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After injuries and complaints, Vikings set to install new turf for 2024 season

New surface is preferred by NFL Players' Association.

The Minnesota Vikings will take to a new field in 2024.

The Minnesota Sports Facilities Authority (MSFA), which operates the Vikings' U.S. Bank Stadium, announced on Thursday a $1.3 million project to replace the current slit-film turf with a new synthetic monofilament turf system that’s preferred by the NFL Players’ Association.

Artificial turf has come under fire in recent years as it’s associated with higher rates of noncontact injuries, particularly lower-body injuries.

The slit-film turf used currently at U.S. Bank Stadium in particular is associated with the highest rate of lower-body noncontact injuries among all types of artificial surfaces used at NFL stadiums. U.S. Bank Stadium is one of only three stadiums that are using slit-film turf this season. The others are Lucas Oil Stadium (Indianapolis) and Paycor Stadium (Cincinnati).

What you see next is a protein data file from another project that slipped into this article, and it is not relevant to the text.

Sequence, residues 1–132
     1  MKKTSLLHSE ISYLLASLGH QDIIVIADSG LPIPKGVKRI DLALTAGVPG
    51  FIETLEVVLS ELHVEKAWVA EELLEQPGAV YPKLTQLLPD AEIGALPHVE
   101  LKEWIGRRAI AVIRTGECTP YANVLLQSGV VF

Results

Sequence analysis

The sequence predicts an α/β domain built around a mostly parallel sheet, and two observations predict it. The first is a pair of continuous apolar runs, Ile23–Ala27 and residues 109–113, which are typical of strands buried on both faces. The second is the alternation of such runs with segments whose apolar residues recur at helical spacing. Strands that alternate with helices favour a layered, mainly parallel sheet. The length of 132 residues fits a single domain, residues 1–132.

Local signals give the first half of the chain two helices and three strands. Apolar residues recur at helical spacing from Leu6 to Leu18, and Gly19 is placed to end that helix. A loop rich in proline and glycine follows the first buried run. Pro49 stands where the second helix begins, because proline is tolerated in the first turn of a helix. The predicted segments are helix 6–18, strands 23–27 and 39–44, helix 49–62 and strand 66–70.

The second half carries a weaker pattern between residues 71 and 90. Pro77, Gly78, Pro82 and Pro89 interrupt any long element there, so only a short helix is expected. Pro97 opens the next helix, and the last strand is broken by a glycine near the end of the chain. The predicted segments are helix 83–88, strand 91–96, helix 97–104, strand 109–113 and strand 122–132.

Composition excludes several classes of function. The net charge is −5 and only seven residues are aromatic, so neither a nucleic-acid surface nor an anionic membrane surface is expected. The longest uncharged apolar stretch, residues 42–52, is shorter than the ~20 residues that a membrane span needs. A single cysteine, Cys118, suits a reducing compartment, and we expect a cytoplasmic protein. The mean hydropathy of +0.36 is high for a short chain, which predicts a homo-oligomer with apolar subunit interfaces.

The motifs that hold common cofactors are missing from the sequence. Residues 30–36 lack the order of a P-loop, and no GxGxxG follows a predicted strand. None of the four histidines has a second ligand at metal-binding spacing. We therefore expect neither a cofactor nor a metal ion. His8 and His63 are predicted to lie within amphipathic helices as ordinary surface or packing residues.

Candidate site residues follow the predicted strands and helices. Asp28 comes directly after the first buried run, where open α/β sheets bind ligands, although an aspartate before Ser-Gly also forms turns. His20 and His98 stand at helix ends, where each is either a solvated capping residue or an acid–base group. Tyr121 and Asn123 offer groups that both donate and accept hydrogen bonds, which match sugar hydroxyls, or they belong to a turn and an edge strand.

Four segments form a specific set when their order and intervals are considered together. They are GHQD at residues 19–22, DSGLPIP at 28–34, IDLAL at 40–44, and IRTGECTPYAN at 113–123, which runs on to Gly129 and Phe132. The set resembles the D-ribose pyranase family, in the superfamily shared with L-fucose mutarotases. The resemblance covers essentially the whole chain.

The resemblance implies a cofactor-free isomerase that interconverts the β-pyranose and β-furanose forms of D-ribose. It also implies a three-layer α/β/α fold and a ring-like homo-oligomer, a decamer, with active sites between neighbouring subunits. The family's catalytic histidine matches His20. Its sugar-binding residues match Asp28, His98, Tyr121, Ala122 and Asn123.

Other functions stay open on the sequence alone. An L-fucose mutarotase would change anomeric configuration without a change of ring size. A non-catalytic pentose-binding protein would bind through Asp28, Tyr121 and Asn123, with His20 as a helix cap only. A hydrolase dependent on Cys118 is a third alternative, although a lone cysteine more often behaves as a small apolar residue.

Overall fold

The Colts also intend to change their surface in 2024.

Vikings star receiver Justin Jefferson suffered a noncontact hamstring injury during the team’s Week 5 home game against the Kansas City Chiefs, and Chiefs tight end Travis Kelce also suffered a lower-body noncontact injury during the game.

When the San Francisco 49ers came to Minneapolis in Week 7, tight end George Kittle complained about the playing surface, telling the San Francisco Chronicle that “it’s not a very good turf. It’s not a very safe turf, either.”

MSFA said in a statement announcing the new project Thursday that the current slit-film turf at U.S. Bank Stadium will reach its end of life at the end of the current season. The replacement will be the third synthetic turf surface in the stadium’s seven-year history.

MSFA selected Act Global to manufacture, supply and install the monofilament surface, Xtreme Turf DX, which Act Global says on its website is recommended for soccer and lacrosse and is certified by FIFA and World Rugby.

The project is set to begin on Feb. 26 and will last approximately six weeks, according to MSFA. MSFA expects the recycling of existing turf to be a zero-waste project. 

Garrett Bradbury about to snap the ball

Minnesota Vikings center Garrett Bradbury (56) gets ready to snap the ball against the Chicago Bears during the second quarter at U.S. Bank Stadium in Minneapolis on Nov. 27, 2023.